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We polled the city’s top beer minds, dug deep into the research (tough job, yeah yeah) and, drumroll... our list of the top breweries in Metro Vancouver features only one from Vancouver proper.
There are surely a number of factors for that—space, affordability and municipalities eager to attract younger residents chief among them. And there are, of course, dozens of reputable breweries from the city and elsewhere that just missed the cut. But it’s all gravy-infused goodness for Metro Vancouverites as one of the country’s finest craft beer industries continues to develop a competitive landscape that also manages to be friendly and supportive. That’s worth raising a glass to. And so are our Breweries of the Year.
350 Esplanade E, North Vancouver
The biggest line (and it wasn’t close) at last June’s Craft Beer Festival at the PNE belonged to a brewery that had opened less than a month prior.
“That was awesome,” recalls House of Funk co-founder Darren Hollett with a chuckle. “We brought a smoothie machine—that might have had something to do with it.”
Using their popular Funk Juice (a fruited sour beer) to create a smoothie sour certainly didn’t hurt. Regulars have also been crowding the brewery’s North Van tasting room, which looks out over the Burrard Inlet.
Though the watering hole has had a few difficulties with bylaws, it was given permission to sell full pours (instead of only flights) in November. That means patrons can finally enjoy pints with, as Hollett describes them, “a lot of funk.”
“I’ve been a big fan of wild beers and sours and barrel-aged beers for quite some time,” he says. “I thought there was a spot in the market in B.C… I knew we had to come out swinging with a quality product and a bit of a loudness.”
That noise isn’t just the funk music rotating in the brewery; House of Funk picked up two BC Beer Awards in October and plans to have cans and bottles in liquor stores by the time you’re reading this.
“They’re putting out some beers that are divisive—some of their fruited stuff is very heavily fruited, and some people are saying it’s not beer,” says Ryan Voigt, R&D director at Twin Sails Brewing and co-founder of beer nerd-favourite Coalesce Brewing. “The concept turns some people off, but in my mind, they’re doing some really good beers. They do a wood-fermented Pilsner that is excellent; their [bourbon-barrel-aged] imperial stout won silver at the BC Beer Awards. It’s a really good thing for the North Shore to have—they’re definitely pushing the boundaries of style.”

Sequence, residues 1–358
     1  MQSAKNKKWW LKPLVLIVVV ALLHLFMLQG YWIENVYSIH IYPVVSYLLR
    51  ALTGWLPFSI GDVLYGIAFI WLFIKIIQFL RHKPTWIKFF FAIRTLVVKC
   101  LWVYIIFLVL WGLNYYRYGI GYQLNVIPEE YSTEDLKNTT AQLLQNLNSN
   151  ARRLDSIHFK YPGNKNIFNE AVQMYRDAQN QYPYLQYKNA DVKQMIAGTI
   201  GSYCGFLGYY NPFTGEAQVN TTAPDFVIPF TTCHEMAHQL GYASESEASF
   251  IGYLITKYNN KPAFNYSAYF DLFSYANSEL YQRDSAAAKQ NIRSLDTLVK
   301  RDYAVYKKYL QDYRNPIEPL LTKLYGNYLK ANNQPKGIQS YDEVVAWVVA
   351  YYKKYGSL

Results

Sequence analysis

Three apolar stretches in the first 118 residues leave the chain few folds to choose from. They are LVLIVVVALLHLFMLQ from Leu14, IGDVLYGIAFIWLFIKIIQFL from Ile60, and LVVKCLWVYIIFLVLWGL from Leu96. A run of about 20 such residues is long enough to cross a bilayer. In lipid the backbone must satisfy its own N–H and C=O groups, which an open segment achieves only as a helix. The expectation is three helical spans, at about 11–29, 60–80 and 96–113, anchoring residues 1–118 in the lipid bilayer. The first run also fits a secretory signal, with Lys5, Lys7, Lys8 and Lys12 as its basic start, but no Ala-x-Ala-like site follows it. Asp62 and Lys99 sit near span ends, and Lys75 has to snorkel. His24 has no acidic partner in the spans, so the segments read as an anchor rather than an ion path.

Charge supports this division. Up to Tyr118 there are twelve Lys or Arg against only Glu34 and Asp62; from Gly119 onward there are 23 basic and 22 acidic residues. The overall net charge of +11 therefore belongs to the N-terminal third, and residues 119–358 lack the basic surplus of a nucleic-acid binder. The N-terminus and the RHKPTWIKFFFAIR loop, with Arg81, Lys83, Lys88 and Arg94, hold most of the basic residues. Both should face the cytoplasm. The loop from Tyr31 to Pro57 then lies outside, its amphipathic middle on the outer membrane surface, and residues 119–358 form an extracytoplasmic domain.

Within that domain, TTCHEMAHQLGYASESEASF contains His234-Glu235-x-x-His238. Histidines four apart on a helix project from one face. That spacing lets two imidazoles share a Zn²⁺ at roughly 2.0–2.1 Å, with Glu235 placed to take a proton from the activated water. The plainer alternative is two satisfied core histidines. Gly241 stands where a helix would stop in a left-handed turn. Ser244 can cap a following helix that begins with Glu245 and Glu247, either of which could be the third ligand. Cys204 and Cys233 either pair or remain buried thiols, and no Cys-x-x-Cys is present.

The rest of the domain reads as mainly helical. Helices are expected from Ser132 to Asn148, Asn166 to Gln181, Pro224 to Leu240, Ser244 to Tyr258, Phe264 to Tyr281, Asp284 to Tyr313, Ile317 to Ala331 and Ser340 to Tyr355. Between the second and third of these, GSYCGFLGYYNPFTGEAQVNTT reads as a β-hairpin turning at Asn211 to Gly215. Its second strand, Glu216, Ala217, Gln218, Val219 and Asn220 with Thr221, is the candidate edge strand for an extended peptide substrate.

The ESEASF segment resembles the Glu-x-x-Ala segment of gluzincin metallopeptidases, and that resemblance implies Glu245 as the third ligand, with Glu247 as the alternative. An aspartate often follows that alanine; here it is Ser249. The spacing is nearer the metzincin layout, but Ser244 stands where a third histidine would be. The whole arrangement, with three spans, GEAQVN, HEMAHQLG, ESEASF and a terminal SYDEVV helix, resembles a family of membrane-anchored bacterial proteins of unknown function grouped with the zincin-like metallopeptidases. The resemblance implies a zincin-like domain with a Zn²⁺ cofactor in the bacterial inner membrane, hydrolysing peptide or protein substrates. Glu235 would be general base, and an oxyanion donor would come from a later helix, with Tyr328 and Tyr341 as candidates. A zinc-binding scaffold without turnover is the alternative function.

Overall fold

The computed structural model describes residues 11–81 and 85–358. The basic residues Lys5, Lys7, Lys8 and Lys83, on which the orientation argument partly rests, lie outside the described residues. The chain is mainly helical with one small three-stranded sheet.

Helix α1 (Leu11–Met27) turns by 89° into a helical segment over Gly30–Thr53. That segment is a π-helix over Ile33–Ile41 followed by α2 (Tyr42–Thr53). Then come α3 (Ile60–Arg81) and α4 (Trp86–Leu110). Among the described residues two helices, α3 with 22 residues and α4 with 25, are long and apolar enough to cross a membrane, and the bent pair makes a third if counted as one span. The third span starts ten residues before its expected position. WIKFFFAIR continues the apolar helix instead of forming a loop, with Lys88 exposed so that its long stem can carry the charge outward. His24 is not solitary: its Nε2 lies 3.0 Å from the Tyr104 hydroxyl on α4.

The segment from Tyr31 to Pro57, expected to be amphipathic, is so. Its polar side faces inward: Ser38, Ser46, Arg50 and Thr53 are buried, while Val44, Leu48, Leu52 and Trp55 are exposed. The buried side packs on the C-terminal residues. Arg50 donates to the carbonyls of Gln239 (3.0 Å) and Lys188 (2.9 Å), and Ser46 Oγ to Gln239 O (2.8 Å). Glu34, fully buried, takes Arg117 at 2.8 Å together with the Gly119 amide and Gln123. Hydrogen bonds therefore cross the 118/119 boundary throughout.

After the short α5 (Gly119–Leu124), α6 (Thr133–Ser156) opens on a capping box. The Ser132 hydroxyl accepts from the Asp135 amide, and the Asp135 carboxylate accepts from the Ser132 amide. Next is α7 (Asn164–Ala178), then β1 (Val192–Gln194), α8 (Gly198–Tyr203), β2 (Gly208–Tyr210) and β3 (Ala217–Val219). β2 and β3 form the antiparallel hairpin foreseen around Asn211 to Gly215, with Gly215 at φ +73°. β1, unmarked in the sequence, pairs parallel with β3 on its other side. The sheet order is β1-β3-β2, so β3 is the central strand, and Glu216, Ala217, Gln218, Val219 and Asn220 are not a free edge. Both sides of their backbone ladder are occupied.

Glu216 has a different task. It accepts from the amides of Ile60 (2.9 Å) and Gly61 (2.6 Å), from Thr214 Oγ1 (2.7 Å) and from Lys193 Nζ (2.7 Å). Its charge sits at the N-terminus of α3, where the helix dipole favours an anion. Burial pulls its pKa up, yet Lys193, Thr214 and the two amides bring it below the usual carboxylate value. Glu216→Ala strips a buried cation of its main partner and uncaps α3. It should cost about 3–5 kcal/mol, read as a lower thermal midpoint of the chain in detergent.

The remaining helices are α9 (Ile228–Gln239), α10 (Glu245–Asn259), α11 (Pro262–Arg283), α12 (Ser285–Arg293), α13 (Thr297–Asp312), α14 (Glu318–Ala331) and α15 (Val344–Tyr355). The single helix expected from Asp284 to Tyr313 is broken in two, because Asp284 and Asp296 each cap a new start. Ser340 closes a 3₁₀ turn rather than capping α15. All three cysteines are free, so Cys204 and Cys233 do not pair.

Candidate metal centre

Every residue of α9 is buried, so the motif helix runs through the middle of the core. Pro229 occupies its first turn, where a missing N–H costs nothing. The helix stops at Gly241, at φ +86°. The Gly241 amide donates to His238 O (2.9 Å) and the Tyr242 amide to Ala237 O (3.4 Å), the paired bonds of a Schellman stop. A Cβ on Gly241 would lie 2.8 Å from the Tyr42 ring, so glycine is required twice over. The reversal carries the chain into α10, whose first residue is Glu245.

What else would one expect from a brewery that named one of its more popular concoctions (a delicious sour IPA) after funk legend Chaka Khan?
114–3191 Thunderbird Cres., Burnaby
Beautiful design and thoughtful, creative takes on traditional Belgian beers are the hallmarks of this Burnaby stalwart that generated praise from nearly everyone we talked to.
“They’ve popularized really traditional old-world styles and made them cool again,” says Granville Island Brewing brand manager Marissa Mills.
That’s reflected in everything from the flagship Blonde ale, a 7.5-percent alcohol mixture that has become the defining B.C. blonde beer, to the Rosetta, a golden ale brewed with pink peppercorns and rose petals.
4–7355 72nd St., Delta
One of the older brewers on the list, Four Winds is still going strong.
“It’s always solid,” says Slow Hand Beer Company co-founder Kurtis Sheldan about the Delta-based brewery, launched in 2013. “The beer is always reflective of what it should be.”
Indeed, the bold branding and impeccable beers make Four Winds one of the more admirable outfits in the province. The brewery’s Zephyrus series, named after the Greek god of the west wind, produced two of the more successful brews in B.C. history: Juxtapose, a wild IPA, and Nectarous, the brewery’s renowned sour.
2281 W Railway St., Abbotsford
Since opening in 2016, Field House has merged a simple, elegant and colourful label (not surprisingly, founder Josh Vanderheide is a former ad exec) with forward-thinking beers. The latter have been especially evident in terms of the Abbotsford brewery’s recent experiments with wine, like its Pinot Gris Sour Saison and an Imperial Gewürztraminer Gose.
2148 Main St.
Like Four Winds, Brassneck opened in 2013 and… hasn’t changed all that much. That’s a good thing. The beer is still top-notch and inventive, as evidenced by old favourites like the Passive Aggressive, a big dry-hopped pale ale, and their newbie rotating changelings (raspberry was a favourite). And getting a table at the Main Street haunt is still incredibly difficult and immensely rewarding.